A Publication
of Reliable Methods
for the Preparation
of Organic Compounds
Annual Volume
Org. Synth. 1970, 50, 62
DOI: 10.15227/orgsyn.050.0062
[1,3-Butadiene, 2,3-diphenyl]
Submitted by Issei Iwai and Junya Ide1.
Checked by James B. Sieja and Richard E. Benson.
1. Procedure
A 300-ml., three-necked, round-bottomed flask is fitted with a sealed mechanical stirrer, a thermometer, and a reflux condenser to which is attached a T-tube connected to a source of pure nitrogen. The remaining joint of the T-tube is connected to a bubbling device so that the rate of nitrogen flow can be observed throughout the course of the reaction. The flask is flushed with nitrogen and charged with 30 ml. of anhydrous dimethyl sulfoxide (Note 1) and 2.4 g. of about 50% sodium hydride in oil (ca. 0.05 mole) (Note 2). Stirring is begun and the contents of the flask are heated to 75° for 30 minutes (Note 3) under a slight pressure of nitrogen. The flask is cooled in a water bath to 30°, before a solution of 4.45 g. (0.0250 mole) of diphenylacetylene in 20 ml. of anhydrous dimethyl sulfoxide is added dropwise with stirring to the dark-gray solution. During the addition, the temperature of the reaction mixture gradually rises until it approaches 40°. After the addition is completed, the reaction mixture is heated to 65° and held at this temperature for 2.5 hours. The resulting red-brown reaction mixture is cooled to room temperature and poured into 500 ml. of an ice and water mixture with stirring. After the ice has melted, the mixture is extracted with five 150 ml. portions of diethyl ether. The ether extracts are combined, washed with three 100-ml. portions of water, then dried over sodium sulfate. The ether is removed by distillation at reduced pressure, and the product (about 6.0 g.) is chromatographed on 180 g. of alumina (Note 5). Elution with 1:7 (v/v) benzene:n-hexane gives ten 50-ml. fractions, of which the first two contain nearly all the mineral oil from the sodium hydride reagent. Fractions 3 through 8 are combined, and the ether is removed by distillation, yielding 1.2–1.4 g. (22–25%) of slightly impure 2,3-diphenyl-1,3-butadiene (Note 6). Recrystallization from methanol gives 0.55–0.70 g. (10.7–13.6%) of pure 2,3-diphenyl-1,3-butadiene, m.p. 47–48° (Note 7).
The 1H NMR spectrum (60 MHz., CCl4) shows a complex multiplet centered at δ 7.2 attributable to the aromatic protons, and two doublets centered at δ 5.4 and 5.2, respectively, attributable to the olefinic protons.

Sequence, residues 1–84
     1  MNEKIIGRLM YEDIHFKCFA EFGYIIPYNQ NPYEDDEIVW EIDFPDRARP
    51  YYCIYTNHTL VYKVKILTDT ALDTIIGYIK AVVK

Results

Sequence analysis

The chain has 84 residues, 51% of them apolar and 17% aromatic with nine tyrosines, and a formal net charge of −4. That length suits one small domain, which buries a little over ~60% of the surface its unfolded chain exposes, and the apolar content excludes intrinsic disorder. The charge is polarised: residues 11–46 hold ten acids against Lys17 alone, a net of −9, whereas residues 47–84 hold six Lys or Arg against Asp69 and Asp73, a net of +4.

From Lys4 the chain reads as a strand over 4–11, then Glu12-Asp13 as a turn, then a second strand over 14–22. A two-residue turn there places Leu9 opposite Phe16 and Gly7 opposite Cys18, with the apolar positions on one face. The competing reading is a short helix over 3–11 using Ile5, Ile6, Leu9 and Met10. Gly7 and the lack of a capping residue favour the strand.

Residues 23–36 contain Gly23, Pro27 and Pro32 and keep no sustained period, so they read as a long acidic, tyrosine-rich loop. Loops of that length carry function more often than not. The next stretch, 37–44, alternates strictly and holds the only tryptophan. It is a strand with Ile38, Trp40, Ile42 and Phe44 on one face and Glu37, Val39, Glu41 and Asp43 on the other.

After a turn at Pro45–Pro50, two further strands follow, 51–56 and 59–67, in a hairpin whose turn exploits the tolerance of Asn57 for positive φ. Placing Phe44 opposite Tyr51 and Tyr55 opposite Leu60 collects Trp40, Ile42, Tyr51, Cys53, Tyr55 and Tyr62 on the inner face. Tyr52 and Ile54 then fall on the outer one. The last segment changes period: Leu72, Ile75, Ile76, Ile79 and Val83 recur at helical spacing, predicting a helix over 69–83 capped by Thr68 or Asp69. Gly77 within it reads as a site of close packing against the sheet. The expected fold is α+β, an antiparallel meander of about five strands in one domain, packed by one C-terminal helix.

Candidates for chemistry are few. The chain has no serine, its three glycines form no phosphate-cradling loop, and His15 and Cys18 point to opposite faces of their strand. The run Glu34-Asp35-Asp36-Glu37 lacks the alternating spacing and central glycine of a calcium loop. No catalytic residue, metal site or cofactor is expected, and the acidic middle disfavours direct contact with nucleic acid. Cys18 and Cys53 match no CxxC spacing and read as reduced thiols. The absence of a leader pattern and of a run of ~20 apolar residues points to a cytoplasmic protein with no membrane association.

2. Notes
1. Commercially available dimethyl sulfoxide was freshly distilled in the presence of calcium hydride, b.p. 56–57° (5 mm.).
2. Sodium hydride in oil (about 50%), available from Metal Hydrides Inc., Beverly, Massachusetts, was used.
3. The formation of dimsyl(methylsulfinyl) anion is essentially complete at this time.
4. The preparation of diphenylacetylene is described in Org. Synth., Coll. Vol. 3, 350 (1955) and Coll. Vol. 4, 377 (1963). The checkers purchased it from Eastman Organic Chemicals.
5. Aluminum Oxide Woelm neutral, activity grade 1, available from M. Woelm, Eschwege, Germany, was used. The column dimensions were 2.9 cm. × 29 cm., and the alumina was packed with n-hexane.
6. This grade of 2,3-diphenyl-1,3-butadiene is satisfactory for most purposes.
7. Crude 2,3-diphenyl-1,3-butadiene is unstable. The pure product should be stored in the dark in a refrigerator. The submitters have found it to be stable for at least one year under these conditions.
3. Discussion
This method provides a simple, one-step synthesis of 2,3-diphenyl-1,3-butadiene from the readily available diphenylacetylene and illustrates an unusual, relatively uninvestigated reaction. The scope of the reaction is unknown, but it appears that the procedure could be applied to disubstituted acetylenes having aryl substituents unaffected by the strong basic conditions of the reaction.
A conventional preparation of 2,3-diphenyl-1,3-butadiene involves dehydration of meso-2,3-diphenyl-2,3-butanediol by acidic reagents such as acetic anhydride,2,3,4 acetyl bromide,4 sulfanilic acid,5 and potassium hydrogen sulfate.6 Other procedures have been summarized7 previously.

References and Notes
  1. Sankyo Company Limited, Central Research Laboratories, Shinagawa-ku, Tokyo, 140 Japan.
  2. W. Thörner and T. Zincke, Ber. Dtsch. Chem. Ges., 13, 641 (1880).
  3. J. M. Johlin, J. Am. Chem. Soc., 39, 291 (1917).
  4. C. F. H. Allen, C. G. Eliot, and A. Bell, Can. J. Res., B17, 75 (1939).
  5. Y. S. Zal'kind and P. Mosunov, Zh. Obshch. Khim., 10, 517 (1940) [Chem. Abstr., 34, 7887 (1940); Chem. Zentr., 111, II, 1863 (1940).]
  6. K. Alder and J. Haydn, Justus Liebigs Ann. Chem., 570, 201 (1950).
  7. L. I. Smith and M. M. Falkof, Org. Synth., Coll. Vol. 3, 350 (1955); A. C. Cope, D. S. Smith, and R. J. Cotter, Org. Synth., Coll. Vol. 4, 377 (1963).

Chemical Abstracts Nomenclature (Collective Index Number);
(Registry Number)


Benzene (71-43-2)

methanol (67-56-1)

diethyl ether (60-29-7)

acetic anhydride (108-24-7)

sodium sulfate (7757-82-6)

nitrogen (7727-37-9)

potassium hydrogen sulfate (7646-93-7)

sulfanilic acid (121-57-3)

aluminum oxide (1344-28-1)

acetyl bromide (506-96-7)

sodium hydride (7646-69-7)

Diphenylacetylene (501-65-5)

n-hexane (110-54-3)

dimethyl sulfoxide (67-68-5)

calcium hydride (7789-78-8)

1,3-Butadiene, 2,3-diphenyl (2548-47-2)